This week the IAEA is expected to release a new report on Iran’s past work in developing nuclear warheads:
A Western diplomat who has seen drafts of the report said it will elaborate on secret intelligence collected since 2004 showing Iranian scientists struggling to overcome technical hurdles in designing and building nuclear warheads. The scientists’ studies include computer modeling of warhead design and field-testing the kinds of high-precision conventional explosives used to trigger a nuclear chain-reaction, said the diplomat, who insisted on anonymity to discuss the board’s internal deliberations. Some of the work continued after 2003, when Iran is believed to have halted its nuclear weapons research in response to international and domestic pressures, the official said.
There will be a lot of noise concerning this report, with calls for military action and concern expressed for the safety of our allies in the region. The threat to the U.S. will likely be expressed through the scenario in which Iranian officials “hand off” a nuclear weapon to Hezbollah terrorists to be used against the homeland.
Putting aside questions of preemption and deterrence of nuclear armed states, I would like to list just a few points salient for homeland security:
- The difficulty faced by Iran in producing nuclear weapons (assuming that or a virtual arsenal is their goal) should not be taken as evidence that it is a task too difficult for terrorists. The nuclear aspirations of a state differ greatly from that of potential nuclear terrorists: a state desires an arsenal and not simply one (or, if they’re lucky, more) weapons; a state requires the ability to secure fissile material for multiple bombs, including the capability for enrichment or reprocessing, while this technology would be beyond the reach of non-state groups; a state’s weapon design would have to be generally of predictable yield and operate within particular design constraints, while a terrorist weapon would just have to have a good chance of working or even producing a fizzle to achieve much of the desired effect; and a state would want to fashion a small warhead deliverable by rudimentary ballistic missile or small aircraft, while terrorists could do with an improvised device weighing a ton or more.
- If Iran does develop a nuclear weapons capability, that does not automatically mean that Hezbollah or Hamas would have access. A rudimentary nuclear arsenal would be highly valuable to a new nuclear state and it is considered unlikely that such prized “crown jewels” would be turned over to unreliable actors for deployment in situations not directly controlled by that state. Instead, the greater danger in the connection between proliferation and nuclear terrorism is that the increased amount of bombs or simply fissile materials increases the potential for sympathetic insiders to facilitate transfer to wanna-be nuclear terrorists. In other words, it is more likely that officials below those in charge of the nuclear weapon programs in Iran (or Pakistan) might be moved to share their access with terrorists against the wishes of their superiors and national leaders.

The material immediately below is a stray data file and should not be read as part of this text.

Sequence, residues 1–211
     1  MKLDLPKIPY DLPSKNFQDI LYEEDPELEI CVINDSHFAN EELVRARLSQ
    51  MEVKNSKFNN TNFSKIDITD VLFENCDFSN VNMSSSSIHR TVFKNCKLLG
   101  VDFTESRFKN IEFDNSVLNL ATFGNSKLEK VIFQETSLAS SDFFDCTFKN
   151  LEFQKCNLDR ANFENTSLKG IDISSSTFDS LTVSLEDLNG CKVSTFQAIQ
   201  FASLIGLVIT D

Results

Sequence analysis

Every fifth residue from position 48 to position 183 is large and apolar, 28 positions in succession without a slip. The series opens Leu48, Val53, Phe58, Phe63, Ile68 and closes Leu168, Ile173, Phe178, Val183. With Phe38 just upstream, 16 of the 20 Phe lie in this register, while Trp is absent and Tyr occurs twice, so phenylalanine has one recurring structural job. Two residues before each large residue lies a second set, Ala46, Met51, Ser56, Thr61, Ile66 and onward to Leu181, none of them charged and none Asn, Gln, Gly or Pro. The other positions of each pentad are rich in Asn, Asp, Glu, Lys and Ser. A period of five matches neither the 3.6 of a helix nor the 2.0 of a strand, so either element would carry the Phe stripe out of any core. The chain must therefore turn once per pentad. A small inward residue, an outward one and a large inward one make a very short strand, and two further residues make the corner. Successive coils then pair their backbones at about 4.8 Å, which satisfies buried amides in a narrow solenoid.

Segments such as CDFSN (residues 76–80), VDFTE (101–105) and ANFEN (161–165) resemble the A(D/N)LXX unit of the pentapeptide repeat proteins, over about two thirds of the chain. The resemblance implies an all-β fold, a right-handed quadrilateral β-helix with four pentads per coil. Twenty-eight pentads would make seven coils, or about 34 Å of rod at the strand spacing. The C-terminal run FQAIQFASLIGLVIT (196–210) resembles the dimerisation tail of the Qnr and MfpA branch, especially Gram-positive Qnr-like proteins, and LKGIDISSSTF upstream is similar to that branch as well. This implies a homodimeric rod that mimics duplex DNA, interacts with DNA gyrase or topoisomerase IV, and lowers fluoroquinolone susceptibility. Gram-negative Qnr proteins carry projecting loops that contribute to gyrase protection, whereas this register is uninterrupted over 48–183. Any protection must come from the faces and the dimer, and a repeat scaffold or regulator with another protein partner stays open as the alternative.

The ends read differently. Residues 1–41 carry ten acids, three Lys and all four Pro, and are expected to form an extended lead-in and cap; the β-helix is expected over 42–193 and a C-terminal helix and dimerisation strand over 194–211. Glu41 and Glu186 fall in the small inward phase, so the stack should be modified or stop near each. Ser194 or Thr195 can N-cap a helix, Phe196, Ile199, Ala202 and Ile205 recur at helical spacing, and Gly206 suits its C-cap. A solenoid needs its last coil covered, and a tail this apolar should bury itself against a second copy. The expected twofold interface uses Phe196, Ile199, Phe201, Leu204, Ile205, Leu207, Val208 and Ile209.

It is important to keep some perspective…nuclear terrorism remains a threat and a nuclear-armed Iran would be a very negative outcome for our national security, but this week’s news should not be taken as a sign that the sky is about to fall.
Update: As soon as I schedule this post, Washington Post reporter Joby Warrick publishes additional detail on what is contained in the IAEA report:
Intelligence provided to U.N. nuclear officials shows that Iran’s government has mastered the critical steps needed to build a nuclear weapon, receiving assistance from foreign scientists to overcome key technical hurdles, according to Western diplomats and nuclear experts briefed on the findings.
Documents and other records provide new details on the role played by a former Soviet weapons scientist who allegedly tutored Iranians over several years on building high-precision detonators of the kind used to trigger a nuclear chain reaction, the officials and experts said. Crucial technology linked to experts in Pakistan and North Korea also helped propel Iran to the threshold of nuclear capability, they added.
Interesting details, and I’m sure the actual report will contain even more, however nothing that yet radically changes the overall threat picture. While the names and other specifics were not previously public, this reporting seems to reinforce already existing perceptions about the nature of Iran’s nuclear work. More worrisome would be Iran’s recent moves to shift its nuclear facilities to locations underground and the installation of advanced centrifuge equipment.
Update 2: The IAEA report can be found here: http://isis-online.org/uploads/isis-reports/documents/IAEA_Iran_8Nov2011.pdf